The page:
Wednesday, 03 August 2011 16:27

Rogers going Down Under to continue baseball career

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By Chris Jaster — This email address is being protected from spambots. You need JavaScript enabled to view it.

Swift Current Indians pitcher Dan Rogers plans to be throwing more than just balls and strikes in October.

The 24-year-old Redwood City, Calif., native is also hoping to learn how to throw a boomerang.



That may be a valuable lesson for Rogers, as he has agreed to play for the Mulgrave Rebels in the Baseball Victoria Division 2 league in Australia in October.

The prospect of playing Down Under has Rogers quite excited.

“My big expectation down there is to see a new life experience,” said Rogers, who had a 4-2 record and a 2.61 ERA with the Tribe this regular season.

“I’m going to work by butt off on the baseball field and hope to win the championship they have down there. That will be priority number one.

“I’m going to give them everything I’ve got, but I’m also looking at having a whole new life experience.”

Rogers isn’t eligible to return to the Swift Current Indians next season as the Western Major Baseball League’s eligibility rules won’t allow American players who are no longer in college to compete in the league. Rogers finished his schooling at Texas A&M Kingsville in 2010.

That left the right-handed pitcher searching for options on how he could extend his career in baseball.

After talking to Indians head coach Joe Carnahan, Rogers was put in contact with one of Carnahan’s friends who set up Brian Strawn and John Snyder — who played with the Indians in 2010 — with teams in Sweden and Prague, Czech Republic respectively.

Rogers contacted Carnahan’s friend and a couple days later, he was talking to the Rebels. It didn’t take long before Rogers signed with the team.

Although baseball isn’t as popular in Australia as it is in Japan, Rogers is excited about the prospect of playing there, as the game is starting to become more popular.

“There’s a lot of baseball down there. It’s really picking up,” he said. “I guess Major League Baseball is putting in millions of dollars and making the Australian programs down there pick up. It’s really coming along there nicely.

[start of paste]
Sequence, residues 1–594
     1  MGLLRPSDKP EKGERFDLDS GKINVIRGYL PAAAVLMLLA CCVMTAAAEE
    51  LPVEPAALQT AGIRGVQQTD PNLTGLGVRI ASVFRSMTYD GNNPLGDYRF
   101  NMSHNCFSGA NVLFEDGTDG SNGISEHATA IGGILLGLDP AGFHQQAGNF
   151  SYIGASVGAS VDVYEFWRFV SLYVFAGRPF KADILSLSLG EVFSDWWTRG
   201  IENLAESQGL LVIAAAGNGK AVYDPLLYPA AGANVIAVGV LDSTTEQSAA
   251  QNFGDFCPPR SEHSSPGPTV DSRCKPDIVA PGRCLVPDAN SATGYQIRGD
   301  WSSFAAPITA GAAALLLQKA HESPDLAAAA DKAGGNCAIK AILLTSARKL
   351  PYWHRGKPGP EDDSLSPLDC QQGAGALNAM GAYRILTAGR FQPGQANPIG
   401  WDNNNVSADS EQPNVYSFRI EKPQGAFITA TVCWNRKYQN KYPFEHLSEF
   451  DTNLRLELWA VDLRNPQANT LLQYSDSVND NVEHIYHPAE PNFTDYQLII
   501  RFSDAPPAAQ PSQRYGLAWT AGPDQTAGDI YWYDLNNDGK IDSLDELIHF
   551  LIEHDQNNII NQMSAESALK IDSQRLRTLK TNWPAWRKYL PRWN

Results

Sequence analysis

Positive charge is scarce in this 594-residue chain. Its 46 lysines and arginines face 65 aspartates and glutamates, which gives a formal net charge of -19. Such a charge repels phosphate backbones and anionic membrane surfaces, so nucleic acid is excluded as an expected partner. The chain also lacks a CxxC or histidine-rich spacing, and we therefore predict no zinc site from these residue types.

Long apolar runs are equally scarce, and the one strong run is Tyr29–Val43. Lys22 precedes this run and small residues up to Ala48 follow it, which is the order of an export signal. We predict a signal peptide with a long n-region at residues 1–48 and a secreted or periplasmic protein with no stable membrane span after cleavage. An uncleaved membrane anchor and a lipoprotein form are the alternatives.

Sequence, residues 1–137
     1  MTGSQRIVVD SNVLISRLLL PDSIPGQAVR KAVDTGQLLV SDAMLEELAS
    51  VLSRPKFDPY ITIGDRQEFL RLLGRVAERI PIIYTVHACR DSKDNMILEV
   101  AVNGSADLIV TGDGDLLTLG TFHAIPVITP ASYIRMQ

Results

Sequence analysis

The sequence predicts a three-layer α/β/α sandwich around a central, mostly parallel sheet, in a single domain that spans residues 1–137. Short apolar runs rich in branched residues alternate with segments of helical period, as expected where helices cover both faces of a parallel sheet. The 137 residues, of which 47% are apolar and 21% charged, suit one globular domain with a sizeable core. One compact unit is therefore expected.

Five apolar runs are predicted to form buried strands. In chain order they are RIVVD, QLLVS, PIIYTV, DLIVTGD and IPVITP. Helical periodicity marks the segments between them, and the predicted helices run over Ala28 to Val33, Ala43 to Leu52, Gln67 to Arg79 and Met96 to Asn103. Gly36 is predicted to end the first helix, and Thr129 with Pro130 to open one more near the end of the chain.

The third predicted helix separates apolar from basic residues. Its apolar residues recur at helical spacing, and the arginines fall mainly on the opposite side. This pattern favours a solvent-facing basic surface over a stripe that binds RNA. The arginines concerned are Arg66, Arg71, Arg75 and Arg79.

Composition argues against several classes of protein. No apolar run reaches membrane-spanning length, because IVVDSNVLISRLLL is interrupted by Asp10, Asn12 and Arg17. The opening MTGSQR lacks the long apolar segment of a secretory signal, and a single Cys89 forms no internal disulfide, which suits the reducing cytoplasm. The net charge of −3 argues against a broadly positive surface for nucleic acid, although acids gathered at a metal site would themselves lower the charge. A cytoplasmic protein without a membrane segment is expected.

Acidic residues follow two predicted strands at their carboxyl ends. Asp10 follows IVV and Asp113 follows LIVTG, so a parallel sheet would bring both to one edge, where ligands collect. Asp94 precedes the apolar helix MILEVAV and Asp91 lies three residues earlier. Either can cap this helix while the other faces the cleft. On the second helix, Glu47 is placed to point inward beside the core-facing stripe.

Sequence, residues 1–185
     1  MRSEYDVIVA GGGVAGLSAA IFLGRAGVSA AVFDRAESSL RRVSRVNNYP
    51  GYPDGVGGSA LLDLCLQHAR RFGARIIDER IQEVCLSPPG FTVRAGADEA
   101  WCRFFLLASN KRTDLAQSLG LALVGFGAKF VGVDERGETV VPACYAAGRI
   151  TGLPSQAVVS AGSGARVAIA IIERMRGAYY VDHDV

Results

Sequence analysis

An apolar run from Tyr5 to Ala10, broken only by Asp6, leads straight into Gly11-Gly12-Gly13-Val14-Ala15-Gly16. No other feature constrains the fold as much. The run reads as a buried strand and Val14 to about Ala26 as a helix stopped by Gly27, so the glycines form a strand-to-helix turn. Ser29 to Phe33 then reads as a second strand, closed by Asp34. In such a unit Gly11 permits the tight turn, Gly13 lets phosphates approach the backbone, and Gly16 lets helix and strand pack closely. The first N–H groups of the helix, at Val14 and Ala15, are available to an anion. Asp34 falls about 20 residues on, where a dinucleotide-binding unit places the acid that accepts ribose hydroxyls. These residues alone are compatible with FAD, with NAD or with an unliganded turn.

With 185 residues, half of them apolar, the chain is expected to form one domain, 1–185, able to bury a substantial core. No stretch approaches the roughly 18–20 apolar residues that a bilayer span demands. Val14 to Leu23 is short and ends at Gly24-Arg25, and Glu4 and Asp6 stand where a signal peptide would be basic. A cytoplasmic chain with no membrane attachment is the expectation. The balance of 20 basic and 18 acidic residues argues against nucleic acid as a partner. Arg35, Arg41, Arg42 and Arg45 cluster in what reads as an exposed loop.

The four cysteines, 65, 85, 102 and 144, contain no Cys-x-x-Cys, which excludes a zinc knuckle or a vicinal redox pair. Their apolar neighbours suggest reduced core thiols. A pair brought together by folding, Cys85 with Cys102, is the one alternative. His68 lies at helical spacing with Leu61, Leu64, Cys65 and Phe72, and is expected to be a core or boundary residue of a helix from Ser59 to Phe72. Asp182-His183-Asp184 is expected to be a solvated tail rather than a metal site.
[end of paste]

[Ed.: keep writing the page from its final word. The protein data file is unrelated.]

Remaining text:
“They have good connections down there and they’re giving me an opportunity to do what I love to do and I can’t turn it down.”

One of Mulgrave’s pitchers, Markus Solbach, was signed by the Minnesota Twins in February and is playing single-A ball in the Gulf Coast League this summer.

The six-foot-two, 195-pound Rogers said his move to Mulgrave, which is fairly close to Melbourne, is a big mystery to him, but he’s not afraid of the move.

He’s confident enough to make the move with his cleats and glove and he’s sure he can adjust.

There is, however, the possibility he may find some familiar faces in the Southern Hemisphere this fall. According to Rogers, approximately four or five other Indian players are considering moving to Australia to play ball this winter as well.

Those players are currently in negotiations, but nothing has been finalized yet.

If everything goes well overseas and more Swift Current Indians alumni go to Australia or Europe, Rogers may consider getting them together to form a team of all former Indians.

“If everyone wants to play and if there was a way to do it, I’m sure we would love to do something like that,” said Rogers. “Having (alumni) have a chance to play elsewhere and both (Strawn and Snyder) love where they are, I think it speaks well for us and Joe. He cares about his players who are leaving. .

“He’s got our backs and we don’t take that lightly. We appreciate everything he does for us too.”

Rogers didn’t end his career as an Indian the way he wanted to, as the losing pitcher of Game 1 of the best-of-five West Division semifinal. The Indians lost the series to Medicine Hat three games to one, dropping the deciding game at home 3-0 on Aug. 2.

Rogers is not letting that get him down, as he has a new team that he’s looking forward to join. He’s also planning on representing Swift Current, where he pitched for the last two summers, while he’s in Australia even though he is an American.

“I bought a pair of Canadian board shorts, so when I go down there I’ll be sporting some Canadian gear too,” he said. “It’s Molson Canadian shorts, but Canadian none the less.”

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